Why Do My Balls Hurt?

When it comes to going to the doctor, many people avoid making an appointment. There are a number of people who just suffer through the pain and hope that everything will get better. In some case, you may feel uncomfortable asking the doctor about more awkward medical problems like testicular pain. If your balls hurt, there may be a medical reason for the pain. Depending on the cause, you may need medical care. While varicose veins or a cyst could be a basic, fairly non-dangerous cause, there are other medical conditions that cause testicular pain. Some of these conditions can be dangerous, so it is important to get checked out by a medical professional.

Why Do My Balls Hurt?

1. Kidney Stones

One of the common reasons why your balls may hurt is kidney stones. It sounds odd at first. After all, your kidneys are quite a distance away from your testicles. A kidney stone can cause pain as he stone passes through your system.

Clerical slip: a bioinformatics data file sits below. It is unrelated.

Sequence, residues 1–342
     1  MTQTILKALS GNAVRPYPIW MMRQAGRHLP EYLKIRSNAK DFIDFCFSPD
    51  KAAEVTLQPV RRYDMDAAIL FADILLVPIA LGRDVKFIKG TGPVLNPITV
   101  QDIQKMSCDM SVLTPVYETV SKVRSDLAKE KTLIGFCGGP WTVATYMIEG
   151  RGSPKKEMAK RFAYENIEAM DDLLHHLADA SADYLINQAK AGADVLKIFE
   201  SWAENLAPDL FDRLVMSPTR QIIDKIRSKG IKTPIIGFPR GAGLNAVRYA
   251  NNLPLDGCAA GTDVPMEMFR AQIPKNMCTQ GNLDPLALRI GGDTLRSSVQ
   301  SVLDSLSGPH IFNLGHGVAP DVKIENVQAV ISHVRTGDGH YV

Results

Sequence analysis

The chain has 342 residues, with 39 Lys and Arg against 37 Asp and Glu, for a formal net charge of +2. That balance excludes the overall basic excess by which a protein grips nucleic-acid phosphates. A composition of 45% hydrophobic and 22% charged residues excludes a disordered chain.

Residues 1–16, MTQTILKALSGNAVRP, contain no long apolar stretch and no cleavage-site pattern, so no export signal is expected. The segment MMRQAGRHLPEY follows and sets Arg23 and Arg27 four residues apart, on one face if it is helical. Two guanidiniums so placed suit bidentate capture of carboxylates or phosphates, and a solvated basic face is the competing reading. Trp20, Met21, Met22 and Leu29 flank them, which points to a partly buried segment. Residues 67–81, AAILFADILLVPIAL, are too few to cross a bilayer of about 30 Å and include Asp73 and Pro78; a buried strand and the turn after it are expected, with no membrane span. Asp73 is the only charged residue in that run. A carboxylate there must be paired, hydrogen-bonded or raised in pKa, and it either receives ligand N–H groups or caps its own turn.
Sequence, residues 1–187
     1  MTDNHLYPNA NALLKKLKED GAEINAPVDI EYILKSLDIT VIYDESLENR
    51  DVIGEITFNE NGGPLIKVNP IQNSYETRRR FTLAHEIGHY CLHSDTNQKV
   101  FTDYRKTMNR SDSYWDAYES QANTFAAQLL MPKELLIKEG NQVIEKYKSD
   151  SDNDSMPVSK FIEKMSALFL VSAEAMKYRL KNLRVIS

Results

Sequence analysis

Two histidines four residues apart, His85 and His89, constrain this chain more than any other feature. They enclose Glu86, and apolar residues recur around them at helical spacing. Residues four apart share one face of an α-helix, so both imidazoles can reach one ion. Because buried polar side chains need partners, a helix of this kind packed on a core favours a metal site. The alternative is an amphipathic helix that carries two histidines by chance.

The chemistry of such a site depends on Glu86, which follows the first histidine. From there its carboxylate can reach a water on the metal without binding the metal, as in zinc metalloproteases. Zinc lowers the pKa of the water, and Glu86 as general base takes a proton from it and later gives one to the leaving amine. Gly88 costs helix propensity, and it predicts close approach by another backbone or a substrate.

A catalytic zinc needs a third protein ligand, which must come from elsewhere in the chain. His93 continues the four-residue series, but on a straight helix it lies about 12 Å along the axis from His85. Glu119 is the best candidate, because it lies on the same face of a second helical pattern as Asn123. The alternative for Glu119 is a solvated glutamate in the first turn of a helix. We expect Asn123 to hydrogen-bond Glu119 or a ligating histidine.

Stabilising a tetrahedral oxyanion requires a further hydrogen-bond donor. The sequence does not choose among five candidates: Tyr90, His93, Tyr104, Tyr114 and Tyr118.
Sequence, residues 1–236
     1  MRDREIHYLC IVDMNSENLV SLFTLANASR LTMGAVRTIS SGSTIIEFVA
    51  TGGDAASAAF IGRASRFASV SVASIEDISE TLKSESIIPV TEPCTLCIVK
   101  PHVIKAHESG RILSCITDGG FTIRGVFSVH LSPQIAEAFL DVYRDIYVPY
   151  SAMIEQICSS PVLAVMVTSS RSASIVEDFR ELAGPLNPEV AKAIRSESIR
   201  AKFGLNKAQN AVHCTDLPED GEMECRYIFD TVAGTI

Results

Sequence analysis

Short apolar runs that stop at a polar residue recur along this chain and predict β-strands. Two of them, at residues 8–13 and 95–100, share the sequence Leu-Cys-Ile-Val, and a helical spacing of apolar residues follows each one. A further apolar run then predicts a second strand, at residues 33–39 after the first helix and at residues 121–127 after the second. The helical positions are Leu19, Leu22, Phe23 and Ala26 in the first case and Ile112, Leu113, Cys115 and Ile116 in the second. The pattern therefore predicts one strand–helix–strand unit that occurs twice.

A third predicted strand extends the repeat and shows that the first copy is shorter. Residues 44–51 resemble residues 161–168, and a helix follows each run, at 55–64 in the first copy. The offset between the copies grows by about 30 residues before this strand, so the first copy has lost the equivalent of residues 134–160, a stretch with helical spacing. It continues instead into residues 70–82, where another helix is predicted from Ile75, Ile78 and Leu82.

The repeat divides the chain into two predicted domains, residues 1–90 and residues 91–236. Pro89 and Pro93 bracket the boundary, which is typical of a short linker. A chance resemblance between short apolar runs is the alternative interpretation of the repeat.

This condition basically develops because crystals in your urinary tract or kidneys start to form a hard, rock-like substance. They may have jagged edges, which makes them even more painful. Kidney stones are a common problem among men, and they can often pass on their own if you drink enough water. If the kidney stone is too large to pass on its own, you may need to have surgery to remove it.

2. Inguinal Hernia

While it may sound terrifying, a hernia can be readily treated. Often, a hernia does not cause major pain and is mostly just uncomfortable. An inguinal hernia often starts around your inner thigh. It then moves to your abdomen before running to your scrotum toward your testicles. If you think think that it you may have a hernia, it is important to go to your doctor to be professionally treated for it.